And parents tend to feel responsible. Children of depressed parents are two to three times as likely to have major depression. Maternal depression in particular has been shown to have serious effects on development, primarily through an absence of responsiveness — the parent's conscious and consistent mirroring and reciprocity of an infant's gaze, babble and actions. "Depressed mothers often respond to their babies from the beginning in ways that dampen their enthusiasm and joy," says Alicia Lieberman, a professor in the department of psychiatry at the University of California, San Francisco. This is problematic, as 10 to 20 percent of mothers go through depression at some point, and 1 in 11 infants experiences his mother's depression in the first year.

But it's easy to overstate the role of maternal depression. "Most kids of depressed parents don't get depressed," says Arnold Sameroff, a developmental psychologist at University of Michigan's Center for Human Growth and Development, who has studied children of parents with mental problems. Conversely, parents need not be depressed to heighten depression in their children. "There are definitely situations where the family interaction is creating the negativity in the child's life, and that is one pathway to depression," says Tamar Chansky, founder of the Children's Center for O.C.D. and Anxiety in suburban Philadelphia. "But what I see more often is the no-fault situation, where parents are baffled to hear such negative thoughts coming from their children." Despite the assumption that these kids must have experienced severe psychosocial deprivation, abuse or neglect, Luby says: "I've seen many depressed kids with nurturing, caring parents. We know that psychosocial stress is an important ingredient, but it's not the only issue. And it's not a necessary condition either."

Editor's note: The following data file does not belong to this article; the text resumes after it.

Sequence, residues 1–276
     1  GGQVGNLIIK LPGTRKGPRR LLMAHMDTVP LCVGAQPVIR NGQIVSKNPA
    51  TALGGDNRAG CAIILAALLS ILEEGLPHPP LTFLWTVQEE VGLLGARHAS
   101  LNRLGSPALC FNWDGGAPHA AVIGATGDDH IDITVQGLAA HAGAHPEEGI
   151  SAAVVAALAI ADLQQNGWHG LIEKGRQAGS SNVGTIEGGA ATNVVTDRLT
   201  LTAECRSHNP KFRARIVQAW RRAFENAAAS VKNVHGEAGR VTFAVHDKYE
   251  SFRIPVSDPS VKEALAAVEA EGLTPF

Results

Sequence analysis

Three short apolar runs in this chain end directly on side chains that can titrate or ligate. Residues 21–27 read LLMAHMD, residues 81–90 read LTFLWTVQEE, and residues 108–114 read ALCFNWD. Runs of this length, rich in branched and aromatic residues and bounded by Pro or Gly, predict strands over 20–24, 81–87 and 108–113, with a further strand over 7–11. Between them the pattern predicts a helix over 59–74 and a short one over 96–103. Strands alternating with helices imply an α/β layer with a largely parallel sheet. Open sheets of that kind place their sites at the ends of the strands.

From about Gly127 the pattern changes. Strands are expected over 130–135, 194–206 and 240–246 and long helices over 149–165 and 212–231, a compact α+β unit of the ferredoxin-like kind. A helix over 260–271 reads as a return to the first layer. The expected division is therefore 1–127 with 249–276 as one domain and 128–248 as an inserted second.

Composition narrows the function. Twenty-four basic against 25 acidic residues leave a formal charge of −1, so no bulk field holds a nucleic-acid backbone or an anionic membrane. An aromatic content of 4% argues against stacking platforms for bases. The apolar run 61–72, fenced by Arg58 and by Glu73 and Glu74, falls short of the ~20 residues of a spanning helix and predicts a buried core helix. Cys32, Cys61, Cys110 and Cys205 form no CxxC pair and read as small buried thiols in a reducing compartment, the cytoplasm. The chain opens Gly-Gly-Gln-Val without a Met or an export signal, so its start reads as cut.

atariboy: (via isnottv, thedailywhat)

Posted: 31 Aug 2010 12:04 PM PDT

curiouslywonderful: (via therealsin, ohmytara)

Posted: 31 Aug 2010 11:34 AM PDT

bikinifetish: Ke$ha - Run Devil Run

Posted: 31 Aug 2010 11:03 AM PDT


Ke$ha - Run Devil Run

fuckyeahblonds: (via skimmmmmilk)

Posted: 31 Aug 2010 10:32 AM PDT

cocojadejazz: wellhelloroe: (via clayton junior)

Posted: 31 Aug 2010 10:02 AM PDT

(via yahel)

Posted: 31 Aug 2010 09:30 AM PDT

(via yahel)

thedailywhat: Nerdy Necklace of the Day: The Pi Necklace from...

Posted: 31 Aug 2010 08:13 AM PDT


Nerdy Necklace of the Day: The Pi Necklace from RGB Laboratory, accurate to 100 decimal places.

It's apparently not available for purchase outside of Japan, but you're more than welcome to pine. (See what I did there?)


"You have enemies? Good. That means you’ve stood up for something, sometime in your life"

Posted: 31 Aug 2010 07:42 AM PDT

"You have enemies? Good. That means you've stood up for something, sometime in your life"

- Winston Churchill (via quote-book) (via ellephanta)

(via mmsphotos)

Posted: 31 Aug 2010 07:11 AM PDT

(via mmsphotos)